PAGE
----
You ask, “What is a paragraph and how do you teach children to write a paragraph?” Here’s how!
Patiently, very patiently, I explained to the eager young ears, “A paragraph is a group of sentences about one main idea or one topic. A paragraph usually contains between five and eight sentences about that one main idea or topic. All of the sentences in a paragraph must be about that one main idea or topic. These supporting detail sentences are supporting the author’s main idea. The main idea is what is most important in that paragraph. It is what the author truly wants the reader to understand.”
Explain, demonstrate, and practice—explain, demonstrate, and practice—it would take good long time to get the kinds of results I wanted for my students. Unfortunately, the longer the writing assignment, the more the rules would fly out the window. Paragraphs seemed to go on forever.
Lucky for me, I had the perfect fix for this. “Listen kids, when you want to write about a new main idea, you must start a new paragraph. Does this make sense?”
The children would all gleefully cheer, “Yes!” With joy and ambition, the students would go the extra mile—and I mean the extra mile—to show me how well they understood. In fact, they would often write an entire page and a half about ONE MAIN IDEA. That’s how well they understood.
“Okay kids, let me explain a paragraph one more time. You see… in a paragraph you can give information about one main idea, or you can explain one topic, or you can give your opinion about one main idea or topic. Be sure to put the sentences in an order that will make sense to your reader. You want it to be a logical and natural sounding order. Does this make sense?”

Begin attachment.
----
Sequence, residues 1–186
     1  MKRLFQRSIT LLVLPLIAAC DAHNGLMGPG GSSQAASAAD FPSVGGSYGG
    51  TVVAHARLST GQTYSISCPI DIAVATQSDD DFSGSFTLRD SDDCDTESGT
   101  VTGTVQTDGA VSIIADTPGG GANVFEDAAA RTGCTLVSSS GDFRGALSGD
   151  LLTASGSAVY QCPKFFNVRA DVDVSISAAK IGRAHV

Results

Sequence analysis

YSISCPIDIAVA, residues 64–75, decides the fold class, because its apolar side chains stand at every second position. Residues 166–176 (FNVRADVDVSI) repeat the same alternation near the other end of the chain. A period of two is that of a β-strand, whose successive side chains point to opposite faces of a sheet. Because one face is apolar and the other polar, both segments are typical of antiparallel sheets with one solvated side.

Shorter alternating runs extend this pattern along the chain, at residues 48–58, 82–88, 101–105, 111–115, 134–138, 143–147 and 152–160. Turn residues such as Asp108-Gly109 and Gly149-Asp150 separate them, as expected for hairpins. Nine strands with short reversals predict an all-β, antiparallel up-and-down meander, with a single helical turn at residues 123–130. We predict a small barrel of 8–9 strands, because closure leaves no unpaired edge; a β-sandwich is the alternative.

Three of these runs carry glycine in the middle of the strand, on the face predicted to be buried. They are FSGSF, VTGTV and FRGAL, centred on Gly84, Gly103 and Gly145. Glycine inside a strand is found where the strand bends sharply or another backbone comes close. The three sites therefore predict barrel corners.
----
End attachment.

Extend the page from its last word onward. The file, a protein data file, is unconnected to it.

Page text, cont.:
I would feel quite enthusiastic and hopeful when the class would greet me with a resounding, “Yes, Mr. Barger! We get it! Can we start writing now?! Can we show you how well we understand?”
Now the students were able to produce TWO PAGES that contained TWO PARAGRAPHS! Unfortunately, those two pages and two paragraphs would contain many main ideas, and there wouldn’t really be a logical order. In fact, it would often be a rambling, out-of-control, jumble. And I thought I had said something about five to eight sentences…
“Listen kids—I want you to choose a topic sentence and I want you to think about that topic sentence. I want you to then choose JUST three details that support your main idea. These are supporting details, and they support the main idea or topic sentence. Your topic sentence is a kind of general statement about the topic, and the supporting details are more specific. Does this make sense?”
I think you know the answer. Luckily, I am very patient.
“Listen kids—a topic sentence can be placed anywhere in the paragraph, but most often the topic sentence is the FIRST SENTENCE in a paragraph. It’s true that sometimes the topic sentence is found in the middle of a paragraph, and sometimes it is at the end of a paragraph, but USUALLY it is the first sentence in a paragraph. Let’s keep it simple.”
The children would be very excited and appreciative that I wanted to keep things simple.
“Children, I want you to put your topic sentence first and I want you to follow that topic sentence with 3- 5 supporting details, and then I want you to write a conclusion sentence. For now, your conclusion sentence can either sum up what the entire paragraph was about, or it can repeat the topic sentence in a new and creative way. How does that sound? Does all this make sense? Oh… and we have state testing coming up, and I want you all to really concentrate on great paragraphs, because they are really important on our upcoming state testing. Okay…?…? Okay??”
Students would assure me they understood. In fact, they could repeat back every single word I had said! It was almost impressive.
However, students would continue to struggle with paragraphs. Basically, a really long run-on sentence is the easiest way to see that a student doesn’t understand what a paragraph is. If a sentence goes on and on, the student who wrote it doesn’t understand what a paragraph is.
Often the source of the difficulty is something like this: “What’s a topic?”
If you wish to save yourself some frustration, check out the Pattern Based Writing: Quick & Easy Essay program on the homepage. It takes children from simple sentences to complete essays FAST and with REAL understanding! It makes sense to children—and to teachers too!